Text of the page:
Results 1 to 10 of 10
    • Member Info
      • Native Language:
      • Hindi
      • Home Country:
      • India
      • Current Location:
      • India

    • Join Date: Mar 2010
    • Posts: 4
    #1

    via v/s via

    when we say or use of via (vaya)? and
    when we say or use of via (viya)?

  1. bhaisahab's Avatar
    • Member Info
      • Native Language:
      • British English
      • Home Country:
      • England
      • Current Location:
      • Ireland

    • Join Date: Apr 2008
    • Posts: 25,629
    #2

    Re: via v/s via

    Quote Originally Posted by pavanksm View Post
    When do we say or use via (vaya)? and
    When do we say or use via (viya)?
    It's a question of pronunciation; some people say one, some say the other.

    • Member Info
      • Native Language:
      • English
      • Home Country:
      • England
      • Current Location:
      • England

    • Join Date: Jun 2010
    • Posts: 24,514
    #3

    Re: via v/s via

    I say vaya when it's on the front of a bus: 'Blackburn via Darwen', and viya when it's the name of an Italian street.

    Rover

  2. Barb_D's Avatar
    • Member Info
      • Native Language:
      • American English
      • Home Country:
      • United States
      • Current Location:
      • United States

    • Join Date: Mar 2007
    • Posts: 19,221
    #4

    Re: via v/s via

    Maybe we need to do a survey to see if people who say dayta say vie-uh, and people who say dah-tuh say vee-uh... or the other way round!
    I'm not a teacher, but I write for a living. Please don't ask me about 2nd conditionals, but I'm a safe bet for what reads well in (American) English.

    • Member Info
      • Native Language:
      • American English
      • Home Country:
      • United States
      • Current Location:
      • United States

    • Join Date: Apr 2009
    • Posts: 12,310
    #5

    Re: via v/s via

    I've always pronounced it "vee-uh" like it's Italian (or Latin, rather).

  3. BobK's Avatar
    • Member Info
      • Native Language:
      • English
      • Home Country:
      • UK
      • Current Location:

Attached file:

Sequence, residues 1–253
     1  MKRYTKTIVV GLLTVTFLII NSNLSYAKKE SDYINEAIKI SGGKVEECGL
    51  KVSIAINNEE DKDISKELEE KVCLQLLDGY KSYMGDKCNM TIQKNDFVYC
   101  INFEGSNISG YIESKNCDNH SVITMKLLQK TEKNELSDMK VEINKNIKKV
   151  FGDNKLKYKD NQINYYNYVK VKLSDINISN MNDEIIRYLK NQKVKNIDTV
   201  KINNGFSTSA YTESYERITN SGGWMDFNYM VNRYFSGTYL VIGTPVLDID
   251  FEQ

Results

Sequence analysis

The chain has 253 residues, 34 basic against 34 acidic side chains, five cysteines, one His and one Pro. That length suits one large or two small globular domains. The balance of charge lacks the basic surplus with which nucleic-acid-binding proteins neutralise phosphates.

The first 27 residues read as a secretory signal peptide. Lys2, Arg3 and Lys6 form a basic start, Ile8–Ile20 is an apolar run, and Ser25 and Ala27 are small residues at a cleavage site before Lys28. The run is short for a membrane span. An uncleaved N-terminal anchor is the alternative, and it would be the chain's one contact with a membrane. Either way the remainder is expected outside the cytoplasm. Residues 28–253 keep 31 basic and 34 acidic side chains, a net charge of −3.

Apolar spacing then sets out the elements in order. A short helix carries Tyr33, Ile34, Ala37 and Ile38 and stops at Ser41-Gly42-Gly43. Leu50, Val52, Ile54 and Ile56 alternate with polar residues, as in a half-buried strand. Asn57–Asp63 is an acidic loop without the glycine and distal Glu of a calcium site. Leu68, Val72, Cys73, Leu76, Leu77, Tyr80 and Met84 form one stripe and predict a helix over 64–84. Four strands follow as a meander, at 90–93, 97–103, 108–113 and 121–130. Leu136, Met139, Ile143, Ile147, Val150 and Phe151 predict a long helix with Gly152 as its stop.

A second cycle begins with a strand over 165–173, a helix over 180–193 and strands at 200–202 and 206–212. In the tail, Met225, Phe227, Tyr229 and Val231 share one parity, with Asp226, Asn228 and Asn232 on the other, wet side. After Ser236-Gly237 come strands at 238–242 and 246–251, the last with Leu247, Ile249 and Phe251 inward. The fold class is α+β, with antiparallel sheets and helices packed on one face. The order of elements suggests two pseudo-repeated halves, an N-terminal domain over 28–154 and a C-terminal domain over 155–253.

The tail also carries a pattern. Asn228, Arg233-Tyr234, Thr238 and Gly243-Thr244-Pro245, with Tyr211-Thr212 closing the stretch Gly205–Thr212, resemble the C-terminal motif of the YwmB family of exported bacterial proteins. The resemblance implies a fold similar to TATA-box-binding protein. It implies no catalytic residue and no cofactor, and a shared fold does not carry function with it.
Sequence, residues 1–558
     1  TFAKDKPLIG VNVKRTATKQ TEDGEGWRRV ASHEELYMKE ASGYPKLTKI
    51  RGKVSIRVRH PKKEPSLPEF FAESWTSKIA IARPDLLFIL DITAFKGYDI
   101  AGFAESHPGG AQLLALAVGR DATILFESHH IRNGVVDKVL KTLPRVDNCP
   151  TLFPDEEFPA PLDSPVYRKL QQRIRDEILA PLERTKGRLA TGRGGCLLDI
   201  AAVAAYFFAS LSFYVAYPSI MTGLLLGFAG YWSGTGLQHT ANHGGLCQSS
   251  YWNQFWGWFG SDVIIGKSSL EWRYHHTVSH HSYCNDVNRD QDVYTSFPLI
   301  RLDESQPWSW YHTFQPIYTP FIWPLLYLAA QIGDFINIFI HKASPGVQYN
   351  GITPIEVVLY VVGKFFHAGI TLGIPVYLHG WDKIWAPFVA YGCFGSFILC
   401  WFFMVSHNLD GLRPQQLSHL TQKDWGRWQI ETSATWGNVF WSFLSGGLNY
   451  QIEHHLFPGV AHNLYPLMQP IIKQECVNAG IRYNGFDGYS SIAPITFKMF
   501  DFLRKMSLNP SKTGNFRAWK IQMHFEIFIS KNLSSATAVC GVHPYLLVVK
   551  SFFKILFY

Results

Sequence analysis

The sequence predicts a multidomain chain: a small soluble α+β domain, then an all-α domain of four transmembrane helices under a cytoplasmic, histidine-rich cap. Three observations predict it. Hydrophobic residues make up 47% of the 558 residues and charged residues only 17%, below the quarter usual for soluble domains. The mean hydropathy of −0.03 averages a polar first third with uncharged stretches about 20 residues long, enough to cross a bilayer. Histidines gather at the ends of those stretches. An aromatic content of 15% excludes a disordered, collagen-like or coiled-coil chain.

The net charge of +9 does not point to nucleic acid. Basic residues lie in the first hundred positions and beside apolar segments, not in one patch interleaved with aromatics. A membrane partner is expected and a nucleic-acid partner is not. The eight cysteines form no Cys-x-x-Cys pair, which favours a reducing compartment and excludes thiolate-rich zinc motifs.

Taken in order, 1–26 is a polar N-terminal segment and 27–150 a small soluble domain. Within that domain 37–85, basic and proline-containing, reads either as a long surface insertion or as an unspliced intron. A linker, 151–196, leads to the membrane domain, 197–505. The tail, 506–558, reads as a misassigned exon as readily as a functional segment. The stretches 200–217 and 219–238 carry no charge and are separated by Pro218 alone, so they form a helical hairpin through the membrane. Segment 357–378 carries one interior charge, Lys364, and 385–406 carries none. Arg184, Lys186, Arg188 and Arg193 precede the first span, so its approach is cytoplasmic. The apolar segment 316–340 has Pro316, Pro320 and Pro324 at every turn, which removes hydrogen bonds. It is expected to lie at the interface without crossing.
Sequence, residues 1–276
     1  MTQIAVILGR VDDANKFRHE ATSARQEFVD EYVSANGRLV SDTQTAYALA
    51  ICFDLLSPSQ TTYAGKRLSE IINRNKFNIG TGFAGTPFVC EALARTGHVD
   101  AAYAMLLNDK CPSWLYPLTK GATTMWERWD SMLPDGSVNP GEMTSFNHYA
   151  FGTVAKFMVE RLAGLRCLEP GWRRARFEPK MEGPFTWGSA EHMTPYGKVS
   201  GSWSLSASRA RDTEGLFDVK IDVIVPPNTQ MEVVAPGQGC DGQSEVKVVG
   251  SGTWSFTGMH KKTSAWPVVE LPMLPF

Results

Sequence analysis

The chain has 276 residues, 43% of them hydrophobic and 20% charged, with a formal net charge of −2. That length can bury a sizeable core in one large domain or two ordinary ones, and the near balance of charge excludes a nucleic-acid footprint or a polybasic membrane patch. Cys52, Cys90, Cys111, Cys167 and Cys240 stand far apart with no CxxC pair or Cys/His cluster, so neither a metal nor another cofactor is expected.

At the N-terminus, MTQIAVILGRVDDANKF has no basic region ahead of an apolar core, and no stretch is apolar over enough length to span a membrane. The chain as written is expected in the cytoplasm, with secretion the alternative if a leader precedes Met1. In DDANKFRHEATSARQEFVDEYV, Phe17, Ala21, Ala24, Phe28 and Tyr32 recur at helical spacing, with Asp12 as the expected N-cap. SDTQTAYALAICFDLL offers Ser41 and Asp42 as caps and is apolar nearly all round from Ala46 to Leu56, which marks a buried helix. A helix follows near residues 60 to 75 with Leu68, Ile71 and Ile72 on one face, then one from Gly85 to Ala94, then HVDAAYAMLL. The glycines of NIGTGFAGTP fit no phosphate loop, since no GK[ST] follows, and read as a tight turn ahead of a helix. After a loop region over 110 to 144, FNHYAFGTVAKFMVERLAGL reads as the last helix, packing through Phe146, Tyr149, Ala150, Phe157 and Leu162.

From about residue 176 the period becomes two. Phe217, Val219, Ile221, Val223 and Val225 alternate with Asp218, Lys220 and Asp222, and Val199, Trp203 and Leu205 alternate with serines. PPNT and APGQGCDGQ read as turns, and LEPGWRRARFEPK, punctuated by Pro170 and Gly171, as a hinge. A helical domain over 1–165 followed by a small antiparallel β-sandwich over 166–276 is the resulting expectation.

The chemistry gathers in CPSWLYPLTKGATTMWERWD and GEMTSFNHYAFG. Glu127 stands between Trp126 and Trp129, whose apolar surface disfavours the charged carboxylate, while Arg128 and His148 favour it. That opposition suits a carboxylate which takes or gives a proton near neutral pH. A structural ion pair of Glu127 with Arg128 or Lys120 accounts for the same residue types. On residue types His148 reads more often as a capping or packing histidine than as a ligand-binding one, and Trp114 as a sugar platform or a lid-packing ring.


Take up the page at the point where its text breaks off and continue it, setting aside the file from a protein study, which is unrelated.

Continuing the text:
• UK

    • Join Date: Jul 2006
    • Posts: 16,038
    #6

    Re: via v/s via

    One way to be sure of the pronunciation is to say /baɪ'wejǝv/

    b

  4. 2010's Avatar
    • Member Info
      • Native Language:
      • English
      • Home Country:
      • India
      • Current Location:
      • India

    • Join Date: May 2010
    • Posts: 373
    #7

    Re: via v/s via

    Quote Originally Posted by Barb_D View Post
    Maybe we need to do a survey to see if people who say dayta say vie-uh, and people who say dah-tuh say vee-uh... or the other way round!

    Survey # 1
    Via - vaya
    Data - dayta

    • Member Info
      • Native Language:
      • Hindi
      • Home Country:
      • India
      • Current Location:
      • India

    • Join Date: Mar 2010
    • Posts: 4
    #8

    Re: via v/s via

    I tried to search about this, when say via (vee-aa) or when say via (vaa-ya)

    First i got that both have a place in pronunciation. you can pronounce both.

    but what i got, you can pronounce one for a different situation or meaning and for other too.. .

    for example, Mr. abc will return home via (vaa-ya) Britain and France.

    and Translators can now work from home, via (vee-ya) email system.

    Is it?

    • Member Info
      • Native Language:
      • American English
      • Home Country:
      • United States
      • Current Location:
      • United States

    • Join Date: Apr 2009
    • Posts: 12,310
    #9

    Re: via v/s via

    There is no difference in meaning or usage. Some people say it one way, others the other.

  5. BobK's Avatar
    • Member Info
      • Native Language:
      • English
      • Home Country:
      • UK
      • Current Location:
      • UK

    • Join Date: Jul 2006
    • Posts: 16,038
    #10

    Re: via v/s via

    Quote Originally Posted by SoothingDave View Post
    There is no difference in meaning or usage. Some people say it one way, others the other.
    But pavanksm suggested that the two different pronunciations might have different applications [U]in the same speaker[/U. In my usage this is true only to a very limited extent; I use the Latinate* pronunciation only for Italian street names and the names of Roman roads.

    b

    PS * I think people know what I mean by this: /vi:ǝ/. But the other way (/vaɪǝ/) was also derived from the accepted scholarly pronunciation for Classical Latin at one time in England: hence the /aɪ/ pronunciation commonly used in words used (especially in legal contexts) in England today - bona fide, prima facie, viva voce etc.

Bookmarks

Posting Permissions

  • You may not post new threads
  • You may not post replies
  • You may not post attachments
  • You may not edit your posts
  •